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Slanted Granny Squares


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Hi everybody!! 

I've just recently learnt how to stitch the basic granny stitch and I'm noticing, as you can see in the pictures, that they slant to the right quite a bit. I'm using acrylic perle with a size 3 hook, was thinking on using a half size smaller one (2.50 size one) but not sure if the problem is really in the hook or what I'm doing wrong.

Any ideas that could help with this anyone?

20170801_102234.jpg

20170801_102215.jpg

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The problem is not the hook or your stitches, which are beautiful. The problem is that crochet stitches naturally slant. The solution is to turn it over, like you do with rows. 

Without turning, it looks like...

/////////

////////

////////

Turning, it looks like...

////////

\\\\\\

///////

\\\\\\

Personally, I turn granny squares after each round. Others turn every couple of rounds. If you're making a couple of rounds, turning isn't an issue. However, the more rounds you make, the more it'll skew when you don't turn. 

Try it and let us know how you make out. :)

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Bonus to turning each round, it makes it reversible so there's no 'wrong' side. The more rounds, the more the skew builds up when you keep the same side facing you.

I just happened to have finished this white thread granny a few days ago , turning each round; I think it's sitting on the scanner a little crooked, and was just ironed and not precisely blocked,  but it's pretty square. 

Granny Mandala 3.jpg

Edited by Granny Square
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I agree with RedRoses, turning between rounds will probably take care of the slant.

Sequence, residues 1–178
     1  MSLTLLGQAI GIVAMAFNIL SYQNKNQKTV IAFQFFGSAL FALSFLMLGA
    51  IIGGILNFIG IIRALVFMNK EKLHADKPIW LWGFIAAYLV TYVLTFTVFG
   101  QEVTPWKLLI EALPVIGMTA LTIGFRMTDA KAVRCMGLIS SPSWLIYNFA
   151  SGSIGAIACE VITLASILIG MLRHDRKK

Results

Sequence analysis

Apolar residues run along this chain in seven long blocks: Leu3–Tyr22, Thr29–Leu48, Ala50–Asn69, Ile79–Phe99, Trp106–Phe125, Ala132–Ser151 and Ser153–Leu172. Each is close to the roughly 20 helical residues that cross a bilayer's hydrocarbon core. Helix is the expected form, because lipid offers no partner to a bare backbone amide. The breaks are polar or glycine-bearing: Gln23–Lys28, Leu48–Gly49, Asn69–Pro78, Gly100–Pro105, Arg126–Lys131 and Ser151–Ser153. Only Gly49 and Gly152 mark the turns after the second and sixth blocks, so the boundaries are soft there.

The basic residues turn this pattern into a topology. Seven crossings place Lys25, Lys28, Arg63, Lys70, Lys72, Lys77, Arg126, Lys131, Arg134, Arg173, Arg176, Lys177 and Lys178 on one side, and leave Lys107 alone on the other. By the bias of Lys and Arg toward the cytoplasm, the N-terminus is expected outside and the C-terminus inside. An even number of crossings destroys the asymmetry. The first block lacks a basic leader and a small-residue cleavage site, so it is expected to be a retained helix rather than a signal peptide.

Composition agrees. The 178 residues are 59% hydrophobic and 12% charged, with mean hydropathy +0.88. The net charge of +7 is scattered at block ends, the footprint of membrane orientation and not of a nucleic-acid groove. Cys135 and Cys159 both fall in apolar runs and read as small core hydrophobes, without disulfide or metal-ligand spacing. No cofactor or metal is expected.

At the same time though, I think the fact that you're using a granny square pattern for only one color may be part of the problem.  When you change colors every round, or every few rounds, you don't have to worry about chaining up in the middle of a round to start the new round, you just fasten off the first round and add new yarn for the second round.  I think that makes the fabric more flexible, and it also makes it easier to turn between rounds.  Some one-color square patterns have the join placed where it seems to make the whole thing wonky---for some crocheters anyway:  there seems to be a lot of variation among different crocheters.  I personally get a LOT of skew in my grannies if i don't turn between rounds, but some people never do apparently.   I know there have been discussions about these issues and i just tried to search for some previous threads but apparently i got in too much of a hurry and got a message to wait 7 seconds but lost all my search terms, dates i wanted to search grumble grumble :-(     Anyway people had different suggestions about the joins that could be helpful to you also ; maybe i or someone will be able to find those posts for you too.

ah, I was typing at the same time time as GrannySquare !  

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Hi Magic!

In case it does matter where a round starts, I made the above without a pattern, and the 'seam' ends up smack in the middle--some patterns end up near a corner.  You can sort of see the chain up makes the eyelets a little wider from the center 'north'. This would probably be less obvious with squishy yarn versus stiff thread (and it's a coaster for under my cookie jar, so you won't see it ;) ) .

Sometimes if you don't turn, you need to slip stitch to get to where you need to be to start the next round.  You don't (or may not) have to do that if you turn each row (don't think this affects skew potential, just another plus for turning).

 

Edited by Granny Square
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Thank you all for your replies!! Since some of you asked for an update, here is a picture of my originally slanted square and a new one I've started in which I've used the turning method;  as you can see the difference is really noticeable :)

20170804_122806.jpg

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